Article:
Political summits, like the recent Jobs and Skills Summit, are intriguing for what they tell us both about our parliamentary system of government and our nation's social and economic organisation. Because they are merely occasional events, they can't replace or even transform our existing system; but they are worth having for what they reveal about its strengths and weaknesses and the hints they offer about possible improvements.
A summit is neither fish nor fowl; neither fully parliamentary nor fully community. When a community summit, led by the government, is held in the Great Hall of Parliament House, it presents itself as a quasi-parliamentary event in which leading community representatives meet government and parliamentary representatives. Not all parliamentary representatives were present because the Leader of the Opposition opted out, but it did include the Nationals' leader.
One way to look at the summit is that it was doing collectively in public what is happening all the time privately anyway. It was an unveiling. Very few, if any, of the representatives present were strangers to Parliament House. Most of them were the heads of major pressure groups and lobbying organisations, mixed in with some high-profile individuals from think tanks and academia. It is their home away from home.
From this perspective this was the underbelly of parliamentary politics on public display. Not "one vote one value" politics, but insider politics. We saw the influencers and opinion-makers on whom parliament and government regularly rely to get things done. Corporate and union leaders sat side by side with other community leaders to advise government on major social and economic issues.
Whatever Parliament decides must be informed by such high-end community opinion anyway. This event reinforced the value of such community authority, expertise and experience to public policymaking.
It was theatre, of course, but not just theatre. It was an opportunity for side-deals and prior deals to be announced. It gave a focus to high-priority public issues and signalled to the community that the government was serious. Putting these leaders together cheek by jowl probably caught their attention and added value to deliberations which would have taken place anyway. This added value is handy, but it is not transformative.
Another way to look at the summit is more positive as an alternative way of doing politics. Fellow columnist, Nicholas Stuart, pointed to the summit as possibly showcasing a "new consultative way of acting". This new way may turn out to be an indication of how the Albanese government will conduct itself. If so, that will be quite an achievement because it will be out of character for the parliament; the jury is out.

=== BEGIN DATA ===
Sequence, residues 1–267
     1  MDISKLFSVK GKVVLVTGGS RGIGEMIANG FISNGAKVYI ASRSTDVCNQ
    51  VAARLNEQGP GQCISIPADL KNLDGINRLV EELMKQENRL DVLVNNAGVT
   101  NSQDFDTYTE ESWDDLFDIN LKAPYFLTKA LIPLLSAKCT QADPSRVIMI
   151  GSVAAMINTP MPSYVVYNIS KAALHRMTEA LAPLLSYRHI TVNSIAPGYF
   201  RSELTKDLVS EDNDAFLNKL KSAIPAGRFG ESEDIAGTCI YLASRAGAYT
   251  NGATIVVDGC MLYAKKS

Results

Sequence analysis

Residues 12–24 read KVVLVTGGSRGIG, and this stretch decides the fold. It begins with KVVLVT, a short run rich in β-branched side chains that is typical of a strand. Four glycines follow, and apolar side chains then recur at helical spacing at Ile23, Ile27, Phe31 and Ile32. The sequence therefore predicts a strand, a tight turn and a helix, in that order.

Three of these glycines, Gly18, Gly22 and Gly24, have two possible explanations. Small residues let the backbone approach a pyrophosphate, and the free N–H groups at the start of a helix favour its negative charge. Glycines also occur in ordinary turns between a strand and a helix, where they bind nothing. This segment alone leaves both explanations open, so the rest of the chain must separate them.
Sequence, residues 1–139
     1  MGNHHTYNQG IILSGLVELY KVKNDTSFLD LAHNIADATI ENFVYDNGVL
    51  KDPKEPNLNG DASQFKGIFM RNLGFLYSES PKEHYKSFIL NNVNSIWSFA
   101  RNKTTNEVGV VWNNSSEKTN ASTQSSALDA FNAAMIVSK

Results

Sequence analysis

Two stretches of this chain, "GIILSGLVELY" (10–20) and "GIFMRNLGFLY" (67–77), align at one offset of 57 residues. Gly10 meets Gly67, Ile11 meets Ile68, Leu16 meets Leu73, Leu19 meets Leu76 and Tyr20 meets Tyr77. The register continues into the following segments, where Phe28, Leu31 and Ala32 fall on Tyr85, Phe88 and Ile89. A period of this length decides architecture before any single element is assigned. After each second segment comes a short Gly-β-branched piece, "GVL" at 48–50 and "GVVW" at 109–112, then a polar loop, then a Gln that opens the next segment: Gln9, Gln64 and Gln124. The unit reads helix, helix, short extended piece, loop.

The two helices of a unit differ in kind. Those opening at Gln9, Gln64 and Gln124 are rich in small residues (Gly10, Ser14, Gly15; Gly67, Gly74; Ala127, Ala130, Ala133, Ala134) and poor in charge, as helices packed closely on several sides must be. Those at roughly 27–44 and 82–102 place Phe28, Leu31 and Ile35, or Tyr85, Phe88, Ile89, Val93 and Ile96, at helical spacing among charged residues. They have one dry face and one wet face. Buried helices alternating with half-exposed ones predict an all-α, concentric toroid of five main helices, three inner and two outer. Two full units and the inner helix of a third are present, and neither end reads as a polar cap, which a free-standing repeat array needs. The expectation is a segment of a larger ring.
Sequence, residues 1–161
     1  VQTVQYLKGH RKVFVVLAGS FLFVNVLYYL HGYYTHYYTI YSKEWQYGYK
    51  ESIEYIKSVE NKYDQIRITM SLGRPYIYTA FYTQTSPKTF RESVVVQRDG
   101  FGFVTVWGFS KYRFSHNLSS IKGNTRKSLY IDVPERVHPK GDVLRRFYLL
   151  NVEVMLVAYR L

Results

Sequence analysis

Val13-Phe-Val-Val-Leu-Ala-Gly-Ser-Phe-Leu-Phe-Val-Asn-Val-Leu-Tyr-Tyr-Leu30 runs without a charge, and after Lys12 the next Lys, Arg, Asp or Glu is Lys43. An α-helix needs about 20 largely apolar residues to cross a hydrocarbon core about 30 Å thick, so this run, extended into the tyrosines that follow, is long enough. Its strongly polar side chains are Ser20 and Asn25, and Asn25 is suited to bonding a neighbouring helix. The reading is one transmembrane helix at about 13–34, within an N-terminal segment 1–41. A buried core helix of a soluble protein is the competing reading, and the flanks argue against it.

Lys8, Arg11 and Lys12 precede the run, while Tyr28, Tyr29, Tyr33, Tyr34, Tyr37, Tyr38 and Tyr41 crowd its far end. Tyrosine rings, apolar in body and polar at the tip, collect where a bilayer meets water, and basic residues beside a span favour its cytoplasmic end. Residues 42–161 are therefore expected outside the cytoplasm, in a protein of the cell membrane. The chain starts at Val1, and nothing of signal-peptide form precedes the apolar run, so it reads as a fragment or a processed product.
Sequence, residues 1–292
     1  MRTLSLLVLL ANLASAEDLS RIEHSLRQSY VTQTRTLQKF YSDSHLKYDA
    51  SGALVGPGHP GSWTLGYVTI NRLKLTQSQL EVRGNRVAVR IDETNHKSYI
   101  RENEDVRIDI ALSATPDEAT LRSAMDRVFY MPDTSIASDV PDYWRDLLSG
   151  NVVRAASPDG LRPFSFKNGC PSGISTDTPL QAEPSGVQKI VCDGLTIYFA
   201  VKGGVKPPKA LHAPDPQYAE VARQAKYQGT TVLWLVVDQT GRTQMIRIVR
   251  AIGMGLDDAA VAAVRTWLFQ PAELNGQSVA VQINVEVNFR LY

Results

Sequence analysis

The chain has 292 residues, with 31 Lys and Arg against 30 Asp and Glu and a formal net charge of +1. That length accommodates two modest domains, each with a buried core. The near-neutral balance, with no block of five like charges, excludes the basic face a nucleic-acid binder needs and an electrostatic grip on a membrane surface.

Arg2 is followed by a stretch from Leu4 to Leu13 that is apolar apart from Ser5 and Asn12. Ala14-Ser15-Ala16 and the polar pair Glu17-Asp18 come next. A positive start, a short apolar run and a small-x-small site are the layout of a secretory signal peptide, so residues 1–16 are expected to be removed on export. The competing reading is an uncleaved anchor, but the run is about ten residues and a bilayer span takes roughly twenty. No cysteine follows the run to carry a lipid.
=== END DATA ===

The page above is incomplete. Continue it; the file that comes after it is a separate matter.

Parliamentary politics is rarely consultative enough. It is about majorities defeating minorities and the raw power of numbers. The majority controls proceedings and dictates terms. There are some friendships and individual respect across the divides, but essentially it is winner takes all.
The existence of the Senate does modify this view of parliamentary government. The Albanese government must negotiate with the Greens and the crossbench to enable the passage of its legislation. It also has the option of negotiating with the opposition, but that is an absolute last resort, because government and opposition are pitted against one another relentlessly.
Negotiation and consultation are not the same thing, however. The image of the Senate has evolved. In the distant past the Senate, usually controlled by the government of the day, was a place where legislation was reviewed, often through the work of committees. Senators were seen to be less strictly partisan than their House of Representative colleagues and more inclined to consult one another and to respect each other's views.
The modern Senate is more about hard-nosed negotiation by the government with likely senators, minor parties or individuals, to achieve a numerical majority. The first government priority is to achieve support rather than to improve legislation by serious consultation. Ideas are exchanged, of course, and some useful amendments are accepted, but the main aim is to win the vote.
The most positive interpretation of this summit is that it is a way of doing politics with lessons for both the parliamentarians and the community leaders who were present. At its best it went beyond both the winner-take-all mode of parliamentary politics and the behind-closed-doors style of pressure group lobbying.
It brought the two together in public and offered the possibility of open exchange of ideas, listening and consultation as a possible alternative way.
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It didn't leave the older style of politics behind, of course.
The government still openly sought a consensus, which in the eyes of some sceptics is just a fancy way of saying "majority support" for its ideas.
Non-government parliamentarians, like the Nationals' David Littleproud, still tried to preserve their independence and the Leader of the Opposition, Peter Dutton, played "old politics" and refused to accept this "new way".
Community representatives will probably retain their traditional insider lobbying techniques while publicly listening to others.
Like other past summits the Jobs and Skills Summit will be measured not just by its consultative spirit but also by concrete outcomes. If these don't measure up some sceptics will dismiss it as a distraction or a talkfest. The competitive cauldron of parliament will remain the main arena.
Three cheers are not in order, but summits still deserve a more modest two cheers because our broken system badly needs creative alternatives or at least renewal. Dismissing new ways of doing things out of hand gets us nowhere.
- John Warhurst is an emeritus professor of political science at the Australian National University and a regular columnist.